Numerous studies have delineated the role of VEGF in the pathogenesis of ROP, but no clear explanation exists for the vastly different rates of disease progression in patients with similar clinical risk factors. Studies of ROP concordance rates in twins suggest a genetic predisposition to more severe disease.21 However, studies of individual genes have not yielded consistent correlations with clinical progression of disease.

The signaling pathways potentially involved in VEGF dysregulation are complex. The Wnt pathway is perhaps the best studied of these and plays a role in vasculogenesis of the retina. Frizzled-4 acts as a receptor in the Wnt signaling pathway, and the receptor is activated by a variety of ligands including Wnt-3a, Wnt-8, Wnt-5a and Norrin.
Furthermore, multiple distinct pathways exist downstream of the activated receptor-ligand complex. Each of these components is a candidate for genetic predisposition to advanced ROP, but these components likely represent only a minority of all components involved in relevant signaling pathways.

The study of genetic predisposition to ROP has taken a shotgun approach, focusing on a few specific candidate genes or alleles rather than the entire signal pathway upstream to VEGF. This approach may explain why low serum levels of IGF-I and high vitreous levels of VEGF correlate with ROP severity, but no study of any single gene has yielded a consistent causal relationship.13,22-29 Several studies have identified Norrin mutations in patients with advanced ROP.27,30-33 Similarly, mutations in Frizzled-4 have been identified in a minority of patients with advanced ROP. (Drenser KA, unpublished data).
Studies of alleles for VEGF and IGF-1 have occasionally identified alleles correlated with ROP development or severity, but allelic variation has poor predictive value and some studies with positive findings directly contradict each other.

If VEGF is the common downstream dysregulated factor in patients with advanced ROP, many upstream genetic alterations could potentially start the cascade of dysregulation.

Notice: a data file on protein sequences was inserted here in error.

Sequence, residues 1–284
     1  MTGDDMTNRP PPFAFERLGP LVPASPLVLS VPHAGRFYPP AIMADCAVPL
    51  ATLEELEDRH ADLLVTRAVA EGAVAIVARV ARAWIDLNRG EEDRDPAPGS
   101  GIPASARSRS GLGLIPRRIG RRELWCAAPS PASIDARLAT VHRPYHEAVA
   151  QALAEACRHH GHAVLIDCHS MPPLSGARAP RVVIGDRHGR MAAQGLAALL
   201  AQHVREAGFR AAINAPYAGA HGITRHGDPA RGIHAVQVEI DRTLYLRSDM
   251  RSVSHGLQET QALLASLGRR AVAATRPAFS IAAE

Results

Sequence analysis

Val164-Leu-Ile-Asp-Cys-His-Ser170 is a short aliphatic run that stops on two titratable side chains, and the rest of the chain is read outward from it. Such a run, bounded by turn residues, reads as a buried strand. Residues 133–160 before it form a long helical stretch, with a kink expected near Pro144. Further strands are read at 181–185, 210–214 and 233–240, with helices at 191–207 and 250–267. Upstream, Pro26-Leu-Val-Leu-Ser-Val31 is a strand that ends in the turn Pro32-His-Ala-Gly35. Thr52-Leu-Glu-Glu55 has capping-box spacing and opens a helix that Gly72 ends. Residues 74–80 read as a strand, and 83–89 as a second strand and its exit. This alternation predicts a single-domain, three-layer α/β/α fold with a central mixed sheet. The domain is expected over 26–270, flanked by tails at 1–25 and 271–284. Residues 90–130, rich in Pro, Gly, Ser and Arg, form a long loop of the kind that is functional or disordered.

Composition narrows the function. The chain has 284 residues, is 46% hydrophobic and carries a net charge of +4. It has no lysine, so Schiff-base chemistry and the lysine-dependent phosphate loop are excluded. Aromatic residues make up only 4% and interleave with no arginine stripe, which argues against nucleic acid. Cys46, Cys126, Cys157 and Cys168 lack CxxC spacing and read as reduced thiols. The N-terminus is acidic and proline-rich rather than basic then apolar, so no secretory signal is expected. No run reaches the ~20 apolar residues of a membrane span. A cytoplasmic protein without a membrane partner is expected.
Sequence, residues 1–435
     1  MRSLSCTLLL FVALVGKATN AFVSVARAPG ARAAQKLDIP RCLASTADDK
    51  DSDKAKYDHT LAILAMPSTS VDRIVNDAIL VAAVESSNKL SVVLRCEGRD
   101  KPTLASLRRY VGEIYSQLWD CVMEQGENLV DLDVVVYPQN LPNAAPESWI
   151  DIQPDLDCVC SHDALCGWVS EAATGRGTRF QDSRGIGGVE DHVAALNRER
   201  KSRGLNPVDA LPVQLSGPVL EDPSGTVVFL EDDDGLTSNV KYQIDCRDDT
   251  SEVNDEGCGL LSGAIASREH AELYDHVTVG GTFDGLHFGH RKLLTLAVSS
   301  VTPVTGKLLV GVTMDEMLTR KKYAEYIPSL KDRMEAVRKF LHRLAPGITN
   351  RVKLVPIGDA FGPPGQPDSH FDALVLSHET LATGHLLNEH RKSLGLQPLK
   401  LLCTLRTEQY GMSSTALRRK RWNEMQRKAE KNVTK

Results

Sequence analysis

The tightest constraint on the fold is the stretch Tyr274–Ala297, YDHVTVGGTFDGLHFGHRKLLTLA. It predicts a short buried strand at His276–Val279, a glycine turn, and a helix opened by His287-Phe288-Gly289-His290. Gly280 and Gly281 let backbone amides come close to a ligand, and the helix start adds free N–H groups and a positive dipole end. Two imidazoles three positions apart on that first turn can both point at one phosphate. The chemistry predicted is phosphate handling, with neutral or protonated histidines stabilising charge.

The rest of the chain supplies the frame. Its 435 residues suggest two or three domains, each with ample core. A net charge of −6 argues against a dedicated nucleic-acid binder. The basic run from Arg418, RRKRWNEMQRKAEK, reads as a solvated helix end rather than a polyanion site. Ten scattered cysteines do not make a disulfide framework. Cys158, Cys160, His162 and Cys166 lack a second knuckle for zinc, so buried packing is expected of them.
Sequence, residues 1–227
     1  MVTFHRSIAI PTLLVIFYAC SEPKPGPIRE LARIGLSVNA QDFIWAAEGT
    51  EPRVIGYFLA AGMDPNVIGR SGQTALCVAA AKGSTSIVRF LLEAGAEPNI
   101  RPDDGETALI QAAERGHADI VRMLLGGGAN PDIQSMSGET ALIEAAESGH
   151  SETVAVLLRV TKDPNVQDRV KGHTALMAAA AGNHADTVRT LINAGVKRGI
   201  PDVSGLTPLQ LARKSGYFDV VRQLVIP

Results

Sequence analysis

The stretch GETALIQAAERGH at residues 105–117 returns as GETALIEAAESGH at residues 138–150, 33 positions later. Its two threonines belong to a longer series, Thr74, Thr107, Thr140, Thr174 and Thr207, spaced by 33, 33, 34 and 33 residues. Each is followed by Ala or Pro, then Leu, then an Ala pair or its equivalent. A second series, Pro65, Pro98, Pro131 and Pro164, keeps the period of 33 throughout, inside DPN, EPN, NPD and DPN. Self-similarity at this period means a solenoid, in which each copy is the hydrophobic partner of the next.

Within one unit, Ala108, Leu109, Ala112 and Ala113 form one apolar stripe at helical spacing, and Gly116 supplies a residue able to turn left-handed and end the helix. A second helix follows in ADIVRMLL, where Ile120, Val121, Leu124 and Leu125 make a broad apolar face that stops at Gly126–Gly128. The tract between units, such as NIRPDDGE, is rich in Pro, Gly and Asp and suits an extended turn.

Focusing on any single gene to the exclusion of others is short-sighted, and the pathways involved in VEGF regulation are sufficiently complex that logically identifying candidate genes may be inadequate.

Effective genetic evaluation for predisposition to ROP will require identification of a sufficiently wide range of mutations as well as the development of a simple and inexpensive genetic analysis technique that can be extended to facilities without capital-intensive laboratory equipment.


Telemedicine ROP Evaluation

Without the ability to successfully predict which newborns are at risk for ROP, beyond birth weight and gestational age criteria, large numbers of infants must be evaluated in order to identify the small proportion requiring close monitoring and treatment. In the United States both manpower and medico-legal concerns limit the pool of ophthalmologists available and willing to perform ROP evaluation.35 Telemedicine is a tool that may help alleviate this problem.

Telemedicine ROP evaluation does not replace bedside binocular indirect ophthalmoscopy examination entirely. Instead, photographic evaluation functions to identify a minority of eyes with high-risk characteristics for which BIO and possibly treatment are warranted. While a subspecialty trained ophthalmologist must still be available within reach of the local health care system, the resource burden imposed upon this physician is dramatically reduced compared to bedside evaluation of all at-risk infants.